Being nice does not mean being a doormat

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I’m not aggressive and I have to get it done. I’m a nice guy, but while I tend to see the best in other people, I know I also get walked on by vendors, customers and sometimes even employees. How do I find the balance?

THOUGHTS OF THE DAY: Think about what makes you call yourself a “nice guy.” Hone skills that are synonymous with leadership. Make sure you’re clear about where you want to go with the company. Make asking for input a sign of strength, not weakness.


Are you always listening to what people have to say? Is your door always open, with you welcoming people who stop by? Perhaps a little less availability or exclusivity might make you feel more in control.

Make a decision and stick with it. Once a decision is made you may be tempted to second-guess yourself — don’t. While good leaders are always considering options and alternatives, they also know that it’s essential they are out front, leading the way, charting a clear path.

While holding people accountable is an essential management skill, it’s also important to seek consensus, show compassion; forgiving mistakes will help everyone be more productive. Managers who think about how decisions will impact others are shown to consistently deliver higher ROI versus self-focused managers.

It’s okay to take a stand and tell people you mean it. It’s okay to overrule people, if there’s a good reason for doing so. Hone your ability to coach people around to your point of view, rather than barking out direct orders.

Make sure that people don’t miss your point of view, as you try to take in all opinions. Be willing to state what you are trying to accomplish and know when it’s time to cut off the debate.

If you feel you’re not as good at speaking, send out a well-written memo to explain your positions. Write out your vision for where the company is headed. Post it on a wall and refer to it often, especially when questions arise about the direction of things.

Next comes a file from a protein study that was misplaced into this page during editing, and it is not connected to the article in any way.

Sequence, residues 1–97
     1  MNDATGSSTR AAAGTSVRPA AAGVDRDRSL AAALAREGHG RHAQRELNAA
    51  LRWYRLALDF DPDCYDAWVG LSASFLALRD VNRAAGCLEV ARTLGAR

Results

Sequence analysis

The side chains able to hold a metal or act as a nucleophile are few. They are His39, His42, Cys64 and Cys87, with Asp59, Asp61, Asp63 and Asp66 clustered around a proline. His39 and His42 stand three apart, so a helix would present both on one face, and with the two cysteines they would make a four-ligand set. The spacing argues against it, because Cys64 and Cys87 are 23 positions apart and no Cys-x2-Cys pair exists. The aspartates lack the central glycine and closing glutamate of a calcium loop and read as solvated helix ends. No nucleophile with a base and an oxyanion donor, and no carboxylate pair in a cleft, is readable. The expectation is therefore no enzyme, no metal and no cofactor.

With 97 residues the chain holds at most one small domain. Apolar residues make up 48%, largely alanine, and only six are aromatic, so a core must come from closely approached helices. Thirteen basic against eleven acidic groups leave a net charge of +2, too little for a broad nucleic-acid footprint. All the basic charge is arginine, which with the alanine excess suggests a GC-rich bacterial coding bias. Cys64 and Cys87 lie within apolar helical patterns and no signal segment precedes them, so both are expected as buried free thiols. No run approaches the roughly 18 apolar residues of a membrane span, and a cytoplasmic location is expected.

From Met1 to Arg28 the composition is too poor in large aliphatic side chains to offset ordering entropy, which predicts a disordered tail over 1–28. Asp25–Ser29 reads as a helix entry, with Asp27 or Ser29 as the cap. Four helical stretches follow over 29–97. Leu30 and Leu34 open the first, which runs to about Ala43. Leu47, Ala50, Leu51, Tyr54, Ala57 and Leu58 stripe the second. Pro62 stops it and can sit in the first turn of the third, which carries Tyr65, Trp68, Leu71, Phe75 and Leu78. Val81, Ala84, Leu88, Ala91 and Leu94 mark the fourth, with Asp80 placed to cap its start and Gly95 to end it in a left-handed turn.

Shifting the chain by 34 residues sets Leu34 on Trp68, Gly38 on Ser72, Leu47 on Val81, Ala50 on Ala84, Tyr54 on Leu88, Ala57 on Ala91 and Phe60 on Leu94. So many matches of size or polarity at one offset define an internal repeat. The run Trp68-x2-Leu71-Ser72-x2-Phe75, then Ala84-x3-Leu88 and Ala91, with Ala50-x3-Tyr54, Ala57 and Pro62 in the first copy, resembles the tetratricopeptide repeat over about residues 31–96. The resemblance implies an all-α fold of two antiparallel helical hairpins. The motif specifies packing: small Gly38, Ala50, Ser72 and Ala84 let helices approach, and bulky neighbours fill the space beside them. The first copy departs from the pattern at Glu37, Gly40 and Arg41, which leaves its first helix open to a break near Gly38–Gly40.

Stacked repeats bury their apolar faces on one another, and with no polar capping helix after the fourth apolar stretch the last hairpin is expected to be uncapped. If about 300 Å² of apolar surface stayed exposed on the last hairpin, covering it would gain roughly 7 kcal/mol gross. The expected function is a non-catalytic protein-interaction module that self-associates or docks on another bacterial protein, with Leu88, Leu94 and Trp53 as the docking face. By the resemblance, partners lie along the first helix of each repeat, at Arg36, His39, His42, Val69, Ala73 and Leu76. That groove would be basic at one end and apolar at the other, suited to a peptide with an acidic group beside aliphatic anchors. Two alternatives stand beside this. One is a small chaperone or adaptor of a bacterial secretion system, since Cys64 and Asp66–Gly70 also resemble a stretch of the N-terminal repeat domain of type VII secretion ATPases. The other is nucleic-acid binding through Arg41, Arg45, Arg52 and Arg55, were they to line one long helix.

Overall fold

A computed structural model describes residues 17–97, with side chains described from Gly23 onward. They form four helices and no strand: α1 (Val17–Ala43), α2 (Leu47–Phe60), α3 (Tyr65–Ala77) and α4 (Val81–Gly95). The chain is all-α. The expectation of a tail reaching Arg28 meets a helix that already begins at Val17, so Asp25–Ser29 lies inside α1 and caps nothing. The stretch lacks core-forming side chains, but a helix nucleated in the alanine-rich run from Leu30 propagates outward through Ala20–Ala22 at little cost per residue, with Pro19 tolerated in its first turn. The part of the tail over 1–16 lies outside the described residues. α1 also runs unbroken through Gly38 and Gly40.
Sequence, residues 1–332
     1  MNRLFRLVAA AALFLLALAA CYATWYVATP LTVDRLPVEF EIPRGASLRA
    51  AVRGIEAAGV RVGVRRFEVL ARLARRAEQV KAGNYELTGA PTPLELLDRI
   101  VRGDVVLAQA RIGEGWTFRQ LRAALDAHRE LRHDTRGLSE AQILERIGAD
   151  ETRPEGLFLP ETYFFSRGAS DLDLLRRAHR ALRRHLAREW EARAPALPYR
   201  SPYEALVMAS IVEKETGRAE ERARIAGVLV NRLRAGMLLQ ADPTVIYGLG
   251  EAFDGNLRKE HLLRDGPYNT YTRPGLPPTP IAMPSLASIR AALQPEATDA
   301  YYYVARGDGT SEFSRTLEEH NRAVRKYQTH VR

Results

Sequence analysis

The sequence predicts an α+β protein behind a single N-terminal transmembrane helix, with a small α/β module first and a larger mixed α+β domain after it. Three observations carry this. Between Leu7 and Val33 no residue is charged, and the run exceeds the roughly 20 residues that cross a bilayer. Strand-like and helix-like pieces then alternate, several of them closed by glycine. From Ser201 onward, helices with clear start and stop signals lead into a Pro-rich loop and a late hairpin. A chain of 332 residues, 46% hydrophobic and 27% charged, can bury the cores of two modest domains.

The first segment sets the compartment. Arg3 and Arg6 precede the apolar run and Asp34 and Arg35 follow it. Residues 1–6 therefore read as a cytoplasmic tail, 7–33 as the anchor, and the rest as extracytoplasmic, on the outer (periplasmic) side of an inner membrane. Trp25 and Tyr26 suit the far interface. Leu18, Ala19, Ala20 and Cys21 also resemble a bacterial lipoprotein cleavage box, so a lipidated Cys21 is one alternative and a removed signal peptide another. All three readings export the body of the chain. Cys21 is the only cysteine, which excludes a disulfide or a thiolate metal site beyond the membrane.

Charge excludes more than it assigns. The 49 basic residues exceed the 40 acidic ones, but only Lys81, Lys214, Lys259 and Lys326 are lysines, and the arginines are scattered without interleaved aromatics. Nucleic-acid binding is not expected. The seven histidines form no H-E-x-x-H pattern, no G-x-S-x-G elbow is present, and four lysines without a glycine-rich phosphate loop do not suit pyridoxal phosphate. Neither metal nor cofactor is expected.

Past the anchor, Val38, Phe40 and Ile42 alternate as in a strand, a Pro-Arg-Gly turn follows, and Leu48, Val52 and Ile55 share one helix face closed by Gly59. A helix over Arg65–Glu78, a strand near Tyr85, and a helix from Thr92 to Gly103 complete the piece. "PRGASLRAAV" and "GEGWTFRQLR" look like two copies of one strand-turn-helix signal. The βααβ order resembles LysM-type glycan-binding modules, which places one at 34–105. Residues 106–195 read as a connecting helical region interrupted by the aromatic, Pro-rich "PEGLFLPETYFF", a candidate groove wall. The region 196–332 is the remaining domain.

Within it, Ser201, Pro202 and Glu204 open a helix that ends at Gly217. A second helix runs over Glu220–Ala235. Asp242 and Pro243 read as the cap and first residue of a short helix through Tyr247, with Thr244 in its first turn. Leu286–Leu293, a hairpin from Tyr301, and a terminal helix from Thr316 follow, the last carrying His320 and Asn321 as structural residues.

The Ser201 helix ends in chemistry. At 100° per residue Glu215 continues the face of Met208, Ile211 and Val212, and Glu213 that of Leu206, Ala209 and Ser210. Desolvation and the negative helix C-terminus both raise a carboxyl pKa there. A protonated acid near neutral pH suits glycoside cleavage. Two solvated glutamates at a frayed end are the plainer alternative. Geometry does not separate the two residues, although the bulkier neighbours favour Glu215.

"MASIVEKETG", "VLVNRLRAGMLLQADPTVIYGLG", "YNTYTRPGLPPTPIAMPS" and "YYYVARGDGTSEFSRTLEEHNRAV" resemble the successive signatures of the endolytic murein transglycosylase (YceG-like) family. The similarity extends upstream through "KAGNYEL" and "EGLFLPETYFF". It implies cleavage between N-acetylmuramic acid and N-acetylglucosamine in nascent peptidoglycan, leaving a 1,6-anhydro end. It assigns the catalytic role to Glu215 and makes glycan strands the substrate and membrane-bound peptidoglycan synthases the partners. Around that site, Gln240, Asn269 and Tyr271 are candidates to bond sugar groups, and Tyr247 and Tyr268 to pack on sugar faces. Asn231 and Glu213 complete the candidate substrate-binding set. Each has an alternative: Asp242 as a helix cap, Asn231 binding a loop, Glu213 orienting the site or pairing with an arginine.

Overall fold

If you are willing to consider options, be careful how you position that openness. Know when it’s time to make a decision and move on. If you’re starting to hear the same arguments over and over, it’s time to stop the debate and challenge everyone move forward. Letting people wallow too long in discussion without demanding action is a waste of company resources.

Tell those around you that you’re looking for input in order to hone ideas. Tell people that it’s your choice to seek input, and that you’re doing so in order to gain insight. Then make it clear that the final decision is yours and when the time is ready, you’ll step up to the plate to make the final call.

When it comes to decision-making, think of yourself as the senior umpire in a game. You may ask the other umps in the game for their input; you may go to “roll the tape” to further analyze specifics. But when it comes time to make the call, it’s your decision, no one else’s.

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Don’t worry if everyone likes your call — someone is alway
s likely to disagree. Keep your eye on those who do object. Do they do it just sometimes, or all the time? Do they do it to your face, or behind your back? Do they have good reasons for objecting, or are they just complaining to hear themselves talk? If you answered yes to the first half of those questions, you’re probably ok.

If you answered “yes” to the second half of those questions, you have a problem on your hands. Take the person aside, they need to get on board and be more supportive, or they need to go find something else to do. Remind them that if push comes to shove, you own the company and will still be there long after others have come and gone.


Everyone Communicates, Few Connect: What the Most Effective People Do Differently, by John Maxwell.


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